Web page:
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OpinionColumnistsDan Raviv

Trump’s foreign travel trifecta

Egyptian President Abdel-Fattah el-Sisi, left, King Salman bin

Egyptian President Abdel-Fattah el-Sisi, left, King Salman bin Abdulaziz al-Saud of Saudi Arabia, first lady Melania Trump and President Donald Trump open the World Center for Countering Extremist Thought in Riyadh, Saudi Arabia, on Sunday, May 21, 2017. Credit: EPA / Saudi Press Agency

ROME - As President Donald Trump prepared for his audience with the pope Wednesday morning, completing an unprecedented trifecta of visiting the home bases of the world’s major religions in a week, the significance of his first foreign trip is starting to come into focus.

Much that was memorable was said and done by Trump in both Saudi Arabia and Israel, but the most ironic policy shift that may affect us all is a new reliance on the Saudis to help protect us.

As the home country of most of the 9/11 hijackers, and accused of financing a militant brand of Islam around the world, Saudi Arabia is out to clean up its image by embracing a new role tailored to please the United States: operating as a watchtower on alert for Muslim extremism.

On Sunday evening in the Saudi capital Riyadh, Trump, his wife, Melania, and King Salman together pressed down on a large switch that oddly resembled a watermelon. Video screens of varying sizes lit up, and within minutes around 400 Saudi men, in pristine white Arabian garb and headdresses, were gazing at monitors that showed them what was on Facebook, Twitter, and other social networking sites. Their job, 24/7 at the newly inaugurated Global Center for Combating Extremist Ideology, is to spot, record, and respond to radicals using the internet to spread hatred and inspire terrorism.

America’s National Security Agency and CIA try to carry out similar monitoring, but the myriad languages and time zones add up to an unimaginable challenge. Moreover, intelligence agencies concentrate on detecting plans for attacks in Western countries, while the Saudis swear they will push back on the narratives and rumors that terrorist groups use to recruit fighters and suicide bombers.

The traveling White House staff, assiduously trying to keep reporters busy with subjects that have nothing to do with former FBI Director James Comey or Russian election meddling, suggested that Trump’s fortified friendship with the Saudis and other Muslim nations is a big part of fulfilling his campaign promise to make Americans safer.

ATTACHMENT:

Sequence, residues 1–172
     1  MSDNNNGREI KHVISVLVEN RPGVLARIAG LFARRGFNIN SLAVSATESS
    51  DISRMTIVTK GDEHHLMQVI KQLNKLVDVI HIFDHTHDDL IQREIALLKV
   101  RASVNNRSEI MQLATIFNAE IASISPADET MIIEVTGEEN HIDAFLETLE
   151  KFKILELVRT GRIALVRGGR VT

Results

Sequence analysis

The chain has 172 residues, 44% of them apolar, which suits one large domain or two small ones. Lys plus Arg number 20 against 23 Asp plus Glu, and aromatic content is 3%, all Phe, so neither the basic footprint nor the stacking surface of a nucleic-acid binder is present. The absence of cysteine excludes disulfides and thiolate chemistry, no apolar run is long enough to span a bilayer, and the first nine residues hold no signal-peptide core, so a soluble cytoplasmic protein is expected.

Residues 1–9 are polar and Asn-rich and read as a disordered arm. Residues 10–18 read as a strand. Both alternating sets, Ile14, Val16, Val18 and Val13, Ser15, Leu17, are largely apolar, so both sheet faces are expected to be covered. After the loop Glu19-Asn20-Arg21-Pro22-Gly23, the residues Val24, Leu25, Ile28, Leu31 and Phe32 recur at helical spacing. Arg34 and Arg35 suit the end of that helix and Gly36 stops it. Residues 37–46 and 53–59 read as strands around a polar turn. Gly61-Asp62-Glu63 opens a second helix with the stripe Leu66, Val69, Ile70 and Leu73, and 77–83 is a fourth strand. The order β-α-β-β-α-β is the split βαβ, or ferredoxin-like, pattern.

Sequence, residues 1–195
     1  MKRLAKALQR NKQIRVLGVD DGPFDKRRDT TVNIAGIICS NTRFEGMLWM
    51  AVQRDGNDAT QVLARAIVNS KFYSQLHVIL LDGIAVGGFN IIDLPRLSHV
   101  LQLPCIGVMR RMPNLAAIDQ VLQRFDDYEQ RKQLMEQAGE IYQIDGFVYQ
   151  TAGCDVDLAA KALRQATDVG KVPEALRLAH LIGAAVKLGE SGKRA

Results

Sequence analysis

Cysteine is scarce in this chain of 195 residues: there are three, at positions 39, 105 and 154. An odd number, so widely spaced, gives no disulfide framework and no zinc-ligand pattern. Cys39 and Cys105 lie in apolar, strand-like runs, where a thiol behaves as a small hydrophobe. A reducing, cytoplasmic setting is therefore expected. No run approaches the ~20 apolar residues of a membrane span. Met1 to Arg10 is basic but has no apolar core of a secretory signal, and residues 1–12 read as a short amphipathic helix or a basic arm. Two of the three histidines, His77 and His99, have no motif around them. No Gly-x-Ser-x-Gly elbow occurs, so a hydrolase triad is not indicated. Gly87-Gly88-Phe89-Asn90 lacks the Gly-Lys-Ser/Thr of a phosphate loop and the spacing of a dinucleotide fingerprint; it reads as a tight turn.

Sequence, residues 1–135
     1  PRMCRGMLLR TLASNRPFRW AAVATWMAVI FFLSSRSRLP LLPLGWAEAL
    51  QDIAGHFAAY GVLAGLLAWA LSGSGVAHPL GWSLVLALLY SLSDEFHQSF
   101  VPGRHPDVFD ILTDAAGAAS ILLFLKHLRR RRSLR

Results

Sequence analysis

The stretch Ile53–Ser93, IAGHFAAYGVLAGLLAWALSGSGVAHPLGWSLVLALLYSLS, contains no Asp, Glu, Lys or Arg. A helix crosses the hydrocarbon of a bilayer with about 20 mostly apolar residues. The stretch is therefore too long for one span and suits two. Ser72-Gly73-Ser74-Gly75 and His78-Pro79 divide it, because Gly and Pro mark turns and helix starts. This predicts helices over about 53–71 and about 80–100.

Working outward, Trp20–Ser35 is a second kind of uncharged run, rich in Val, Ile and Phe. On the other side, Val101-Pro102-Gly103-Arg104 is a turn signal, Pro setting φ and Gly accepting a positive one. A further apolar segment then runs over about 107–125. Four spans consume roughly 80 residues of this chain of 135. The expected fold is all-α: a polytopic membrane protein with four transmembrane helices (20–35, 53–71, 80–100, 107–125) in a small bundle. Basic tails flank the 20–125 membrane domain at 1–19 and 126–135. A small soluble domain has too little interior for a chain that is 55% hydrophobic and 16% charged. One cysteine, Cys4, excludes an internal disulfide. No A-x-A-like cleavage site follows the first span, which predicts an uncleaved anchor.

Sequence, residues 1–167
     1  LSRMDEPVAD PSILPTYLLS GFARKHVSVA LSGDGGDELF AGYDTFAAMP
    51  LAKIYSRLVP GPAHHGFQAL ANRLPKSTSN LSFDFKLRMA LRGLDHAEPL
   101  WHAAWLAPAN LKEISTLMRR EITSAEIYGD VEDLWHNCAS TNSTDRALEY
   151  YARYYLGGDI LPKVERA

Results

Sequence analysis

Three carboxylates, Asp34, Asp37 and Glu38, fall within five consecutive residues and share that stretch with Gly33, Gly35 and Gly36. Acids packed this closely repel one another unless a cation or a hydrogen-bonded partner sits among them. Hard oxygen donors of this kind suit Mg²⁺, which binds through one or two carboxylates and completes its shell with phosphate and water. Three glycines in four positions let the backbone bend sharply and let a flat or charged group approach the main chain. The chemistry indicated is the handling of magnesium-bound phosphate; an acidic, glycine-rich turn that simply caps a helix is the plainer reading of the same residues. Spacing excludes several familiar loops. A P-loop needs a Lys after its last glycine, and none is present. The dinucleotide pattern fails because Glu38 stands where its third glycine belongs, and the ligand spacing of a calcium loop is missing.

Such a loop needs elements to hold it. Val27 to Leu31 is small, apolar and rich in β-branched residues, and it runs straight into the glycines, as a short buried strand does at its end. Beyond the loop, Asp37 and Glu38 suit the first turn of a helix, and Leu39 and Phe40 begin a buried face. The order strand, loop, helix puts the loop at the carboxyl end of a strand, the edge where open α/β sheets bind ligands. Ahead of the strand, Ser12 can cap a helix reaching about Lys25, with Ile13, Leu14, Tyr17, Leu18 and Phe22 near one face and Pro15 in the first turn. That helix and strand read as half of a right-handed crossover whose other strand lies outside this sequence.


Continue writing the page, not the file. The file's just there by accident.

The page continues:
The staffers revealed that within two weeks the president will unveil a strategy to finish off ISIS. Those vicious terrorists, who seized our attention by beheading Americans and other Westerners in 2014, managed to capture significant parts of Iraq and Syria. Yet now they are being rolled back, in part because Trump gave the Pentagon a green light to do whatever it thought necessary against ISIS without needing to announce details.

Bombings and secret raids by the United States and its allies are taking a huge toll, and the military estimates that nearly 70,000 Islamic State fighters have been killed in the past three years. Every one of them, if somehow let loose with weapons or explosives in any American city, would have been pleased to be a merciless mass killer.

When Trump addresses us on the plan to extinguish the ISIS threat, expect him to claim that his outreach to Sunni Muslim nations prompted palpable changes — such as Saudi Arabia’s apparent enthusiasm in expanding its counter-extremism program. In his speech to leaders of 50 governments gathered in Riyadh, Trump said, “Starving terrorists of their territory, their funding, and the false allure of their craven ideology will be the basis for defeating them.”

An extra plus for America, that almost no one of any political complexion can deny, is the Saudis’ announced intention to spend nearly half a trillion dollars in the next decade on American products and investments. Immediate sales of U.S.-made arms and other defense exports total $110 billion, and Trump clearly enjoyed declaring that the result was “jobs, jobs, jobs.”

His two days with the Israelis and Palestinians could not rival Trump’s weekend in Saudi Arabia when it came to ringing the cash register and strolling in the splendor of fairytale-like palaces. But paying respects at sacred Jewish and Christian sites in the Holy Land had value, also, for the American president’s image.

Wednesday’s meeting at the Vatican can only improve Trump’s relationship with Pope Francis, who said last year that Trump’s desire to build a wall to keep out immigrants coming to the United States illegally was “not Christian.” Expect Trump to seek the pope’s blessing for a very different role Trump wants to play: as a peacemaker in the Middle East.

He is not a man who gets into the nitty-gritty details of these complex issues, but the power of dozens of photo-ops this week is something Trump understands completely.


Dan Raviv is a correspondent for i24News and author of “Spies Against Armageddon: Inside Israel’s Secret Wars.”